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Implementing the Singleton Design Pattern
By Danny Kalev
Singleton is probably the most widely used design pattern. Its intent is to ensure that a class has only one instance, and to provide a global point of access to it. There are many situations in which a singleton object is necessary: a GUI application must have a single mouse, an active modem needs one and only one telephone line, an operating system can only have one window manager, and a PC is connected to a single keyboard. I will show how to implement the singleton pattern in C++ and explain how you can optimize its design for single-threaded applications.
Using a global object ensures that the instance is easily accessible but it doesn't keep you from instantiating multiple objects—you can still create a local instance of the same class in addition to the global one. The Singleton pattern provides an elegant solution to this problem by making the class itself responsible for managing its sole instance. The sole instance is an ordinary object of its class, but that class is written so that only one instance can ever be created. This way, you guarantee that no other instance can be created. Furthermore, you provide a global point of access to that instance. The Singleton class hides the operation that creates the instance behind a static member function. This member function, traditionally called Instance(), returns a pointer to the sole instance. Here's a declaration of such a class:
static Singleton* Instance();
Singleton& operator= (const Singleton&);
static Singleton* pinstance;
Instead of Singleton, you can name your class Mouse, FileManager, Scheduler, etc., and declare additional members accordingly. To ensure that users can't create local instances of the class, Singleton's constructor, assignment operator, and copy constructor are declared protected. The class also declares a private static pointer to its instance, pinstance. When the static function Instance() is called for the first time, it creates the sole instance, assigns its address to pinstance, and returns that address. In every subsequent invocation, Instance() will merely return that address.
The class's implementation looks like this:
Singleton* Singleton::pinstance = 0;// initialize pointer
Singleton* Singleton::Instance ()
if (pinstance == 0) // is it the first call?
pinstance = new Singleton; // create sole instance
return pinstance; // address of sole instance
//... perform necessary instance initializations
Users access the sole instance through the Instance() member function exclusively. Any attempt to create an instance not through this function will fail because the class's constructor is protected. Instance() uses lazy initialization. This means the value it returns is created when the function is accessed for the first time. Note that this design is bullet-proof—all the following Instance() calls return a pointer to the same instance:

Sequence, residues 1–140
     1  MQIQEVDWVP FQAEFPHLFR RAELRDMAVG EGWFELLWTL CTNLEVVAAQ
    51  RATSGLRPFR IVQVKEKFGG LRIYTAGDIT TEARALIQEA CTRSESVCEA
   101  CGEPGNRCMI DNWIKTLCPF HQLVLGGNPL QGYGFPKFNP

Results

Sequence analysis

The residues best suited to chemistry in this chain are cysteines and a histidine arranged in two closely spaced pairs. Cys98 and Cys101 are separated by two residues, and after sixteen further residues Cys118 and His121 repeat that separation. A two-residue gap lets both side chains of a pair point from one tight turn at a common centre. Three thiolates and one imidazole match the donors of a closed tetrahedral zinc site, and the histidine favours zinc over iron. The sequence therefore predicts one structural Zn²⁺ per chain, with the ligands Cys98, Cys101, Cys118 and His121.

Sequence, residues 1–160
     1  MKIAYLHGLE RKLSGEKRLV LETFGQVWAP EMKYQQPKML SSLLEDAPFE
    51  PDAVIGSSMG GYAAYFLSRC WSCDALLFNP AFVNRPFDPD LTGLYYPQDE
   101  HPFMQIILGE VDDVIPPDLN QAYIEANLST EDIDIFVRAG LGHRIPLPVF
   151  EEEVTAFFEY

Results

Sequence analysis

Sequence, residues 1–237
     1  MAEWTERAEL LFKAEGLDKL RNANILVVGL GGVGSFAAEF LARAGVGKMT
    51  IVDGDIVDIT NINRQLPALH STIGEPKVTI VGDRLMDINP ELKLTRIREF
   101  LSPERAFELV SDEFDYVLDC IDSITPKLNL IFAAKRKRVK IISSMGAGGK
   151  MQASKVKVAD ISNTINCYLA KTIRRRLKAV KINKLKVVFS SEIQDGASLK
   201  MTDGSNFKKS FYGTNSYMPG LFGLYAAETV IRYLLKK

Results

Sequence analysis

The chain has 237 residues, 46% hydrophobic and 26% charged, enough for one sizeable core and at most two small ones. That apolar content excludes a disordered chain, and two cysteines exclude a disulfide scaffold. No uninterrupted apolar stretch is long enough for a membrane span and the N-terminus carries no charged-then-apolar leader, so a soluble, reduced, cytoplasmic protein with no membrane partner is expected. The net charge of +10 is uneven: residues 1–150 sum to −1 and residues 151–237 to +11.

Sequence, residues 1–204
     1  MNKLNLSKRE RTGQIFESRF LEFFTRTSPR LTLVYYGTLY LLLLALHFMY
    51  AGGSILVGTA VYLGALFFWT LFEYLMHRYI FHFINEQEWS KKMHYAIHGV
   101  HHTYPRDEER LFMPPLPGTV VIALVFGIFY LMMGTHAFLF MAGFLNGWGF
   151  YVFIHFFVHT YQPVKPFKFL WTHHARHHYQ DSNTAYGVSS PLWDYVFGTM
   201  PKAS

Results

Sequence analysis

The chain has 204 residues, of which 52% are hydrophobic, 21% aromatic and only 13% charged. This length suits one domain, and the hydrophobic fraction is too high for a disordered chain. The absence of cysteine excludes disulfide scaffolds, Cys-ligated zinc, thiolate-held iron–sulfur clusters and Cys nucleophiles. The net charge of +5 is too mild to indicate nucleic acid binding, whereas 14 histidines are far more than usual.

Singleton *p1 = Singleton::Instance();
Singleton *p2 = p1->Instance();
Singleton & ref = * Singleton::Instance();
Although our example uses a single instance, with minor modifications to the function Instance(), this design pattern permits a variable number of instances. For example, you can design a class that allows up to five instances.
Optimizing Singleton for Single-Threaded Applications
Singleton allocates its sole instance on the free-store using operator new. Because operator new is thread-safe, you can use this design pattern in multi-threaded applications. However, there's a fly in the ointment: you must destroy the instance manually by calling delete before the application terminates. Otherwise, not only are you causing a memory leak, but you also bring about undefined behavior because Singleton's destructor will never get called. Single-threaded applications can easily avoid this hassle by using a local static instance instead of a dynamically allocated one. Here's a slightly different implementation of Instance() that's suitable for single-threaded applications:
Singleton* Singleton::Instance ()
static Singleton inst;
The local static object inst is constructed when Instance() is called for the first time and remains alive until the application terminates. Note that the pointer pinstance is now redundant and can be removed from the class's declaration. Unlike dynamically allocated objects, static objects are destroyed automatically when the application terminates, so you shouldn't destroy the instance manually.